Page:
This is a complex, long, ambitious novel, set in 1980s New York (the setting is semi-mythological) but harking back to the Renaissance; written in a careful, beautiful prose; it is a sophisticated work with lots of flashbacks, alternative paths and hidden references, some erudite, others simply literary - dramatic and psychological. The book is about history, or perhaps rather, the magic in hidden, alternate history, and especially about the writing of a history that never was and yet existed in people's minds. It may confuse some readers, and it goes slowly.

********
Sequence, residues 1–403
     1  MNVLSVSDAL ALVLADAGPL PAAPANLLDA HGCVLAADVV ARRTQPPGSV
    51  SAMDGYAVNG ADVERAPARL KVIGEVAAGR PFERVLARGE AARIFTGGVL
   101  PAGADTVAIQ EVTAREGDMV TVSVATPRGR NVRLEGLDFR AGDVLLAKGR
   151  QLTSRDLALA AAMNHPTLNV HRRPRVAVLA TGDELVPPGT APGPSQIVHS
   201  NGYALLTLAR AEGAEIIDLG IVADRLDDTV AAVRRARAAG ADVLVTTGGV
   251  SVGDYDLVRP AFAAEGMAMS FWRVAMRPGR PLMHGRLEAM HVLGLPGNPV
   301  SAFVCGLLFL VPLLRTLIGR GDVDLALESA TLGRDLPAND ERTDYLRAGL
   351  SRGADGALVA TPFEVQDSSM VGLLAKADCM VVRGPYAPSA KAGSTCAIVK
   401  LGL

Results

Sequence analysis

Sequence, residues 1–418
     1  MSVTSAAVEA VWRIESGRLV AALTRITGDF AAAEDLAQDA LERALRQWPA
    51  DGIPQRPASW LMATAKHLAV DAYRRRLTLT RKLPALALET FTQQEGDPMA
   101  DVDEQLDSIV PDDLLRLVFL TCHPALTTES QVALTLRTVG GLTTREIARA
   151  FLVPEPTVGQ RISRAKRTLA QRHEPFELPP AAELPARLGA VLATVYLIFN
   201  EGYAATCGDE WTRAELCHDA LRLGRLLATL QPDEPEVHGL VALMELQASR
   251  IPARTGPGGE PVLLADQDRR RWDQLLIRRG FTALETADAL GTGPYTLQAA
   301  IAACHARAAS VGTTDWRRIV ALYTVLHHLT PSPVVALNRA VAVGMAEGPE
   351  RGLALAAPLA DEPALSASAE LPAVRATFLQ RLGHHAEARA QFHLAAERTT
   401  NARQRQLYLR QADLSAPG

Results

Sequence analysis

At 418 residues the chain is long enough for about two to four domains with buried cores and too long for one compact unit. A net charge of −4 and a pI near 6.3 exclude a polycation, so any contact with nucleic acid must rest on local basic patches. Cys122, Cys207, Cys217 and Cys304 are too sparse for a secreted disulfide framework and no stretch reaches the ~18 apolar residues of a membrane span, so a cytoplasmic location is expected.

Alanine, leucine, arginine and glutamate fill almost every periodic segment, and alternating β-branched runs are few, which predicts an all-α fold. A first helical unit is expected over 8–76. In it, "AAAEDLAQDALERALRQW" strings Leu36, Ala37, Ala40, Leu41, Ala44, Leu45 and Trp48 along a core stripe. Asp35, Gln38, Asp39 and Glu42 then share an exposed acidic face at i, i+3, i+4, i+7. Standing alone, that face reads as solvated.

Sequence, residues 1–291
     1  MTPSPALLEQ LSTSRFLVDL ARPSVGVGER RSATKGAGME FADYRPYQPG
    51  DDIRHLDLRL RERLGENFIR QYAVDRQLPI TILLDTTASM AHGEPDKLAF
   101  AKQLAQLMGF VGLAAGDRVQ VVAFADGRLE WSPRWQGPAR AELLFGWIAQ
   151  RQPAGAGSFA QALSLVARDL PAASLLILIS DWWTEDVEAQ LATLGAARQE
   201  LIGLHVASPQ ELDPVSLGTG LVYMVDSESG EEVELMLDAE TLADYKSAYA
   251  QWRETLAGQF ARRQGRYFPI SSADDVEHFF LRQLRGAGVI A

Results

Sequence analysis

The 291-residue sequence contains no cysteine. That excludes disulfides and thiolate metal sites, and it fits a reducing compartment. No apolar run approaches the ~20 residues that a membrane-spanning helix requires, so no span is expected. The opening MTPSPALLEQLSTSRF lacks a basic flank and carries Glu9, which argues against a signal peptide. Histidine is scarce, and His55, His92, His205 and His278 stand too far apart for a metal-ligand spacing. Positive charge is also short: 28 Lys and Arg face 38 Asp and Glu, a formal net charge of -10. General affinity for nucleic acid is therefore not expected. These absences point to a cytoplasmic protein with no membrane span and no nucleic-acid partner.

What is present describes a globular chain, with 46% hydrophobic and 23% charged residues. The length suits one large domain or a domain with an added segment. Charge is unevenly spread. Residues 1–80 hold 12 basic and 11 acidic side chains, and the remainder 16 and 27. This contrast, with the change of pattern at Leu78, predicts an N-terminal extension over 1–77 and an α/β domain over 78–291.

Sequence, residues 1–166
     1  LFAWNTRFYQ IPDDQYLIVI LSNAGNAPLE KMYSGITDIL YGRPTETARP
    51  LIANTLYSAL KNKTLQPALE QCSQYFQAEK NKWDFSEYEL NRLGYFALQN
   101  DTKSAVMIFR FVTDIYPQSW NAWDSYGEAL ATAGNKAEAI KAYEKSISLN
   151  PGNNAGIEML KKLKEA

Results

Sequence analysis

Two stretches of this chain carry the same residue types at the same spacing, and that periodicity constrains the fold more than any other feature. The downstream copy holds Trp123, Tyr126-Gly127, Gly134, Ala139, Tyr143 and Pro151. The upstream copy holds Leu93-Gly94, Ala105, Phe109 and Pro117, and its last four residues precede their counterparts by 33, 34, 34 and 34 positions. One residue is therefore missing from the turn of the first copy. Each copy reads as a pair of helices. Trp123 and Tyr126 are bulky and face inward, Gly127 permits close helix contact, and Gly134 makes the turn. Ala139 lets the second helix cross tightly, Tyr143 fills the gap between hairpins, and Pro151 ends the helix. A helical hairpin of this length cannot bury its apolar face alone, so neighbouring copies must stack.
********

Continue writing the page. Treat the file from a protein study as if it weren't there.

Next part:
I first came across this book, the first part of an ongoing tetralogy, in the late 1980s, then lost sight of it, and could not find it anywhere (it was out of print for many years). It was never far from my mind, even as (as a Renaissance historian) I read and discarded Francis Yates and Ramon llull and moved on towards other, less Neoplatonic threads. In the meanwhile I read Little, Big, and other books by John Crowley. When Daemonomania, volume three of the series, first came out, it was upsetting that Aegypt/The Solitudes remained unavailable. Now, finally, this nice paperback reprint has given me the pleasure of a long-awaited read. This is really one long book in four parts, to be read together.